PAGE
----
# Extrema of multivariable function

1. Jun 11, 2007

### haroldholt

Hi

I'm studying for a calculus exam and I'm a little stuck on finding the extrema for multivariable functions.

For the particular question I'm trying to do now I need to find and classify the extrema for the function f(x,y) = (4x^2)(e^y) - 2x^4 - e^4y.

I can find the first derivatives, being fx = 8xe^y - 8x and fy = (4x^2)(e^y) - 4e^4y and I know I have to let them be equal to 0 to find where the extrema are located but I'm not sure how to do that. I guess it's just the exponentials that are throwing me off.

Any help would be appreciated.

Last edited: Jun 11, 2007
2. Jun 11, 2007

### D H

Staff Emeritus
You have done well so far. The next step is to simultaneously set those partial derivatives to zero. So try that and show us the results.

3. Jun 11, 2007

### haroldholt

Thanks

Well it's 0 = 8xe^y - 8x and 0 = (4x^2)(e^y) - 4e^4y. But I'm not sure where to go from there. I'm not sure what to do with the exponentials, I know they can never equal zero, but I'm not sure what that means for my equations.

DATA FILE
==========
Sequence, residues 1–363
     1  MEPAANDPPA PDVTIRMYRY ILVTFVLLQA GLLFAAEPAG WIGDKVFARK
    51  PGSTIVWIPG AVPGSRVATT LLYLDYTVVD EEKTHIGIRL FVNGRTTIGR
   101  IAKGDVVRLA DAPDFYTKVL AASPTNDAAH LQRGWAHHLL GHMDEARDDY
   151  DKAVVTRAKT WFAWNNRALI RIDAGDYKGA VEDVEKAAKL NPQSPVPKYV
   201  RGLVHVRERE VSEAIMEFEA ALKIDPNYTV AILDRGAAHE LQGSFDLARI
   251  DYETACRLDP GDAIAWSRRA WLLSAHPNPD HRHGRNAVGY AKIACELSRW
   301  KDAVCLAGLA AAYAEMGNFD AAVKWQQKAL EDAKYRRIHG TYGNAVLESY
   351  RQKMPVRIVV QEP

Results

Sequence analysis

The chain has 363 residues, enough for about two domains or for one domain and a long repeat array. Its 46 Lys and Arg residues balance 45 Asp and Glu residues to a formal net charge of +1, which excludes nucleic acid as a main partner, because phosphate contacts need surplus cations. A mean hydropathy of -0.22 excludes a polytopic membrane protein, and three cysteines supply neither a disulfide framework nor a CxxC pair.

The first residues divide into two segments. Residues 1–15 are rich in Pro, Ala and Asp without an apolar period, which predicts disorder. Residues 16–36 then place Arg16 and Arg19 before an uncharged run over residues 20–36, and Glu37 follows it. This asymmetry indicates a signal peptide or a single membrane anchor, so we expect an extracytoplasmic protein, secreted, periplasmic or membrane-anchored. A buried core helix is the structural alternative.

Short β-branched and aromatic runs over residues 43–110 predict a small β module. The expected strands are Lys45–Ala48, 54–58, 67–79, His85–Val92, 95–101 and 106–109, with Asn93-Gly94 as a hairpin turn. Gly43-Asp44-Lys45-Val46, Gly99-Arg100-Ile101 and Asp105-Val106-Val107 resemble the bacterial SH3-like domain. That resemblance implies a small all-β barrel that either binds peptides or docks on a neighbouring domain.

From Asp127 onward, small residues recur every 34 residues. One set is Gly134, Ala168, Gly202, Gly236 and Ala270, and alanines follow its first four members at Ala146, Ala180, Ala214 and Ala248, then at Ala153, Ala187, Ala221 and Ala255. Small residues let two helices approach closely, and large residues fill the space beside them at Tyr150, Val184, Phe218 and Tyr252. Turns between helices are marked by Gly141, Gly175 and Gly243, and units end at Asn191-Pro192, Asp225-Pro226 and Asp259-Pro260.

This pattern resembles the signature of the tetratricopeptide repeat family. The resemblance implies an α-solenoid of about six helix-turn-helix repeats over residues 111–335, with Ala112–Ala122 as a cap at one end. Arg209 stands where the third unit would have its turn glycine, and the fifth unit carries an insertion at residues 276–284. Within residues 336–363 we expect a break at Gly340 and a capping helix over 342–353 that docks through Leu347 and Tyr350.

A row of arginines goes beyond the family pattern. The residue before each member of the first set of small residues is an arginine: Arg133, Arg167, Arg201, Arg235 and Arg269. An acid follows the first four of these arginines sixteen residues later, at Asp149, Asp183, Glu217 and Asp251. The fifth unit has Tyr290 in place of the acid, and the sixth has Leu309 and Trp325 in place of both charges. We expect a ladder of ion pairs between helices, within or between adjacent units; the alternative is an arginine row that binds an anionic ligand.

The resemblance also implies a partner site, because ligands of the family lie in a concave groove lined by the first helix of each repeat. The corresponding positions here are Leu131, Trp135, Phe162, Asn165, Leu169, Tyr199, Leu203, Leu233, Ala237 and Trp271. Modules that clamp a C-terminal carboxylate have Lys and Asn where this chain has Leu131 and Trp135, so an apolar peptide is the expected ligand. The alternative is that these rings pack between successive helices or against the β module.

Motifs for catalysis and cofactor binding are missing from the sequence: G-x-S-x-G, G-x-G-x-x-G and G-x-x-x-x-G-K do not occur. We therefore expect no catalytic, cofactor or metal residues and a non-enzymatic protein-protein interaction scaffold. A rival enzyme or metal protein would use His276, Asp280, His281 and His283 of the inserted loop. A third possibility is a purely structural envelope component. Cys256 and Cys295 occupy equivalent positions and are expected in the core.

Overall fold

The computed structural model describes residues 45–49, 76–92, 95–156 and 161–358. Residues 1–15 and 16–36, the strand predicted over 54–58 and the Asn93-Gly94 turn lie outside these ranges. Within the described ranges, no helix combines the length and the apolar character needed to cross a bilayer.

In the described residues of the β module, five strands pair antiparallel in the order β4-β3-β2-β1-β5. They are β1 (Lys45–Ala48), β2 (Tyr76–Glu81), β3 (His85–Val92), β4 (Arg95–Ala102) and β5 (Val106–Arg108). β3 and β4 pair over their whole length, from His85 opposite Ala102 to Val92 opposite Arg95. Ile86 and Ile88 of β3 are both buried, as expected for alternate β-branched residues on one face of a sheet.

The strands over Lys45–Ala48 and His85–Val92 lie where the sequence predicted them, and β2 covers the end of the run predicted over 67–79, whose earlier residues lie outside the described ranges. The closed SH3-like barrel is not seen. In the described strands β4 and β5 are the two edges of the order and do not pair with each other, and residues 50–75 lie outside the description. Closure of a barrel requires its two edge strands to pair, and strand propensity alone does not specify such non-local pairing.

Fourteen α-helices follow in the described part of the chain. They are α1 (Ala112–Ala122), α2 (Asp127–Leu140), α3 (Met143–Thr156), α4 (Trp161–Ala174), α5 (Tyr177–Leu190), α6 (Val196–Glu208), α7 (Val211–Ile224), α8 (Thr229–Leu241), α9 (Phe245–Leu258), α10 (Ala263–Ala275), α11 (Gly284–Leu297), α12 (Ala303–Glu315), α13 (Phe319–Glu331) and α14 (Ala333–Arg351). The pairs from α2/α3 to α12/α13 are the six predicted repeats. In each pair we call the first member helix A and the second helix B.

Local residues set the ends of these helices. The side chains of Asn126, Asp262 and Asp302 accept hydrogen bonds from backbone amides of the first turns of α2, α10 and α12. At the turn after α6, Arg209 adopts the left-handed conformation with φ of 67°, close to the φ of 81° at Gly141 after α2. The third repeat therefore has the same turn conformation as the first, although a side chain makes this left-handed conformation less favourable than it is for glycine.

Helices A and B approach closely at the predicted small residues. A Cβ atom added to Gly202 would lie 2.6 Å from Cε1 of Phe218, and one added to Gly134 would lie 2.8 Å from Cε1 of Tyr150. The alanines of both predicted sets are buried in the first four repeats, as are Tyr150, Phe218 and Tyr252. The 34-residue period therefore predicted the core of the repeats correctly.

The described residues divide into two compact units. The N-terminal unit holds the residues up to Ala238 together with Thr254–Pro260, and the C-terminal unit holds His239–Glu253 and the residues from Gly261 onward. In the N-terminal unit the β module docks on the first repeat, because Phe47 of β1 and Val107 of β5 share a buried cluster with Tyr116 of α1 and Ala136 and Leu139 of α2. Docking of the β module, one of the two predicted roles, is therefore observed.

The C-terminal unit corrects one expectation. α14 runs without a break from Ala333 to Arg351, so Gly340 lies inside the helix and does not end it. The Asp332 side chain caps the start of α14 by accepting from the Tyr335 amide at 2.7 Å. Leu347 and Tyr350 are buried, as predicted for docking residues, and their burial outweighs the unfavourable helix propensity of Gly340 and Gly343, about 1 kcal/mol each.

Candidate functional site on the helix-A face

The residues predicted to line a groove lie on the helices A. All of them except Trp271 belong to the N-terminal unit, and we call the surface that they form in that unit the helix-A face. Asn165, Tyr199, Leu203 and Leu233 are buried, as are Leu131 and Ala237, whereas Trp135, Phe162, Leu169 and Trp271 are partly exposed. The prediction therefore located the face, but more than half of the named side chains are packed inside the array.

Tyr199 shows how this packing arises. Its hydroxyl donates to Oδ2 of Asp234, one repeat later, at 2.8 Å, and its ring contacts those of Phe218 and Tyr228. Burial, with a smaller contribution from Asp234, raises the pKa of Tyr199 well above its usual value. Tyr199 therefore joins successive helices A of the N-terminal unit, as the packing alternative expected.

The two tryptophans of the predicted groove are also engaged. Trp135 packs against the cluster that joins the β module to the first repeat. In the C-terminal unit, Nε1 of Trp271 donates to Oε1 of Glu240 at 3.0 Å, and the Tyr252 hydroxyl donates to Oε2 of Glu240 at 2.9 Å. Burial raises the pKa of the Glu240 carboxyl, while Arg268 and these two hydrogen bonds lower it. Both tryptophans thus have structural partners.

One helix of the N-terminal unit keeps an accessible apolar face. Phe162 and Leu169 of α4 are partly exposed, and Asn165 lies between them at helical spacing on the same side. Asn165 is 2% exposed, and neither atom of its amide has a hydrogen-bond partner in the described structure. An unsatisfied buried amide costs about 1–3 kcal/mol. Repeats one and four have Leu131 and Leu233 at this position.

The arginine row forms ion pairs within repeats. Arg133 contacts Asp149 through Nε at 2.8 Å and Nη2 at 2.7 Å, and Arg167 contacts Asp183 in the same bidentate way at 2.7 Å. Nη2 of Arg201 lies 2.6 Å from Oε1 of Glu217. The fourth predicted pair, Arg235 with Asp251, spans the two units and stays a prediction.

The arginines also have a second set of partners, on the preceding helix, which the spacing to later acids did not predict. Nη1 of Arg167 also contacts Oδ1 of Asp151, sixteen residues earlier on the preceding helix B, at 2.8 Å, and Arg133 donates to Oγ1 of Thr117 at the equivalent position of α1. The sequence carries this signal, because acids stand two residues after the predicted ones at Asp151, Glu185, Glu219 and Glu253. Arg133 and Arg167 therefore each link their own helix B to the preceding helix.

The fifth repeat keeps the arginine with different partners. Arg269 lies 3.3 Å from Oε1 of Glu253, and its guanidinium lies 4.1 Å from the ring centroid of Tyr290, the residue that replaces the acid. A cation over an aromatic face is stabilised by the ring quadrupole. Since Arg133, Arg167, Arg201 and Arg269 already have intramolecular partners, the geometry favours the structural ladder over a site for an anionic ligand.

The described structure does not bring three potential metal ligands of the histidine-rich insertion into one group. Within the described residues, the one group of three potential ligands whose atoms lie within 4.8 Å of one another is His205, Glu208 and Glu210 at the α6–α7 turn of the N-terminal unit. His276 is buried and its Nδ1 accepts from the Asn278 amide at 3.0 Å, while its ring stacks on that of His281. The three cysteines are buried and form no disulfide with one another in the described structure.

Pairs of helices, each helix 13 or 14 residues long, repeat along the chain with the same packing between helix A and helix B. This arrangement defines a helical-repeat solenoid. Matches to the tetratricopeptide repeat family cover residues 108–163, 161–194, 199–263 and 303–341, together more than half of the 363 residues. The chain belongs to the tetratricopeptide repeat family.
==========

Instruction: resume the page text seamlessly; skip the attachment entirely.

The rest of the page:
4. Jun 11, 2007

### D H

Staff Emeritus
Simplify the fx=0 equation.

5. Jun 11, 2007

### haroldholt

0 = 8x(e^y - 1). But I still don't know what to do with the exponential.

6. Jun 11, 2007

### D H

Staff Emeritus
Any equation of the form a*b=0 tells you that either a=0 or b=0 (or both). This is obviously of that form. x=0 doesn't lead to any extrema. (Why not?) What happens when you set e^y-1 to zero?

7. Jun 11, 2007

### haroldholt

Thanks for that. I now realise that y can be set to zero in the equation 8x(e^y - 1). And then if you sub y = 0 into the other equation you get 1 and -1 which yields the points (-1,0) and (1,0) (which is the answer in the back of the book ). And if x = 0 then the other equation doesn't work. Thanks heaps. I now see how stupid I was initially lol.

8. Jun 13, 2007

### uiulic

I wish when I learned calculus (or any other courses) I could have such instruction.